It is generally known that psychology is about people, but what exactly does psychology involve? What does it study about people and how does it do so? In this chapter, I will introduce you to psychology by examining what it is, and what it is not! We will also look at how it came to be a distinct subject and why it is largely regarded as a science.
We are all interested in human behaviour. We regularly speculate about our own and other people's acts in our day-to-day lives. For instance, we wonder 'why did she say that?' or 'why do I forget to do things?' Also our sayings, such as 'birds of a feather flock together', reveal how we try to make sense of behaviour by creating rules of thumb. It is a rare person who does not try to work out how and why other people act and react the way they do, and what their thoughts and feelings are based on. Since we are all familiar with human behaviour, it can appear not to be a worthy subject to study. Indeed, if you mention to a friend or relative that you are reading about or studying psychology, you may well get the response 'Isn't it just common sense?' As psychology involves looking at everyday behaviour, it is often viewed as just common sense dressed up as science. But how far does common sense get us in understanding human behaviour? Consider the following statements:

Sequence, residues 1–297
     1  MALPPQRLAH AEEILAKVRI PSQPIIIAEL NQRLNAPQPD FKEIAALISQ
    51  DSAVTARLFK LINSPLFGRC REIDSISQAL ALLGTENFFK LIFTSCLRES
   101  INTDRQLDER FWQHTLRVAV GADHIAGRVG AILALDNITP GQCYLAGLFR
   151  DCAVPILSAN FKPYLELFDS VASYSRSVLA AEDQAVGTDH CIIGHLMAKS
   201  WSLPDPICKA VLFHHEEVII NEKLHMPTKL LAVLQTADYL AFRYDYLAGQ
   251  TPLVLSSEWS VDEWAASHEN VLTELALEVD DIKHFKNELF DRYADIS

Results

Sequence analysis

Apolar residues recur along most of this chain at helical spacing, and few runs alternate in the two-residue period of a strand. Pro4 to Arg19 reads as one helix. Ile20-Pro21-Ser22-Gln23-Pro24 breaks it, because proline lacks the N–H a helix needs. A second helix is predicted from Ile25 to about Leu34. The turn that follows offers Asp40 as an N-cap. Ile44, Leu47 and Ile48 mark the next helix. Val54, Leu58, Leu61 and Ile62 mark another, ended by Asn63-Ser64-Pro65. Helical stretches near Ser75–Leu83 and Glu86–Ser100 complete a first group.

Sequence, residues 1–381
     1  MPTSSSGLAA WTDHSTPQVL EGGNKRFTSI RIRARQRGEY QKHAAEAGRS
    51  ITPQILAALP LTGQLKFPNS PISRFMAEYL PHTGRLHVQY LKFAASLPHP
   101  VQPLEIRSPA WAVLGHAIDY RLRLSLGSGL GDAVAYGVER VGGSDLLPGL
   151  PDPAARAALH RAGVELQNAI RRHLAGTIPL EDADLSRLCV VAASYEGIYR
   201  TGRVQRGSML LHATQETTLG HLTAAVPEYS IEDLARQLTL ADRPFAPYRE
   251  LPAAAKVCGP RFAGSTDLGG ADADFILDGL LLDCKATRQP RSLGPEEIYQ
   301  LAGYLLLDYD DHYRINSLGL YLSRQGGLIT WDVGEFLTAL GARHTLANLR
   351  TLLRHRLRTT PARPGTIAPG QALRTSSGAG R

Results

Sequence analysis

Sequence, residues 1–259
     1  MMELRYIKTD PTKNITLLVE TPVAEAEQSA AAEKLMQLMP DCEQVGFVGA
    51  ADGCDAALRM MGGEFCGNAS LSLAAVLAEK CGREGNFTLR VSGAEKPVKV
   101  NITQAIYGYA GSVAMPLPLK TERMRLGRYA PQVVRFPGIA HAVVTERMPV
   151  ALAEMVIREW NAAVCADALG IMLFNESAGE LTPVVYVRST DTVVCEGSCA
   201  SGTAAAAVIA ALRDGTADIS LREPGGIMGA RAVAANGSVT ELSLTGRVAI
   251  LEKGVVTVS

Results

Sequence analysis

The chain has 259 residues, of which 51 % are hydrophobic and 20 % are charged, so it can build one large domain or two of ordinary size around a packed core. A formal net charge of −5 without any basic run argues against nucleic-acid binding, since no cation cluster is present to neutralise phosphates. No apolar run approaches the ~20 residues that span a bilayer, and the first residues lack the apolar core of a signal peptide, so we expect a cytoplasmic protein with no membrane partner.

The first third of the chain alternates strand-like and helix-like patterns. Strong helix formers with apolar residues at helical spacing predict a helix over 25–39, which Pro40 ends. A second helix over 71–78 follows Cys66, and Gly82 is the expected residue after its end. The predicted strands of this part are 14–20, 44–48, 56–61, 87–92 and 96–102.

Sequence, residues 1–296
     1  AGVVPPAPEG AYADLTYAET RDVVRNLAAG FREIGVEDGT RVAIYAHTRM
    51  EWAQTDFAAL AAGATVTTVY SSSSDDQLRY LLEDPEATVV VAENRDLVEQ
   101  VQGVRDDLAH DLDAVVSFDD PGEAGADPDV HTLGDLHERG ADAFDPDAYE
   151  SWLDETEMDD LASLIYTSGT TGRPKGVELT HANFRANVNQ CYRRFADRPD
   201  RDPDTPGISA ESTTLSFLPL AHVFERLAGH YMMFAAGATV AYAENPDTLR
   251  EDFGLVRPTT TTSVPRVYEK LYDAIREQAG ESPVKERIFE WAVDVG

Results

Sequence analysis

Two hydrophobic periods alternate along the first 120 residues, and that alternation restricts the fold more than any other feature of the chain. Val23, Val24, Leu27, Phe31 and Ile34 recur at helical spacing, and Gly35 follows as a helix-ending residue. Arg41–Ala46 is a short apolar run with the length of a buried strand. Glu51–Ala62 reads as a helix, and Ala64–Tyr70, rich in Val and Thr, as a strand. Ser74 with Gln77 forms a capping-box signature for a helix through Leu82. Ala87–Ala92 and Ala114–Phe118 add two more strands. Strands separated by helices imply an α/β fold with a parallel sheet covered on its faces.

'Our memory is more accurate when we are hypnotized'
'Not everybody dreams every night'
'The more bystanders there are at an emergency, the faster the victim will
'We can completely rely on an eyewitness's memory of an event'
'Brainstorming in groups is more effective than working alone'
'We use only ten per cent of our brain'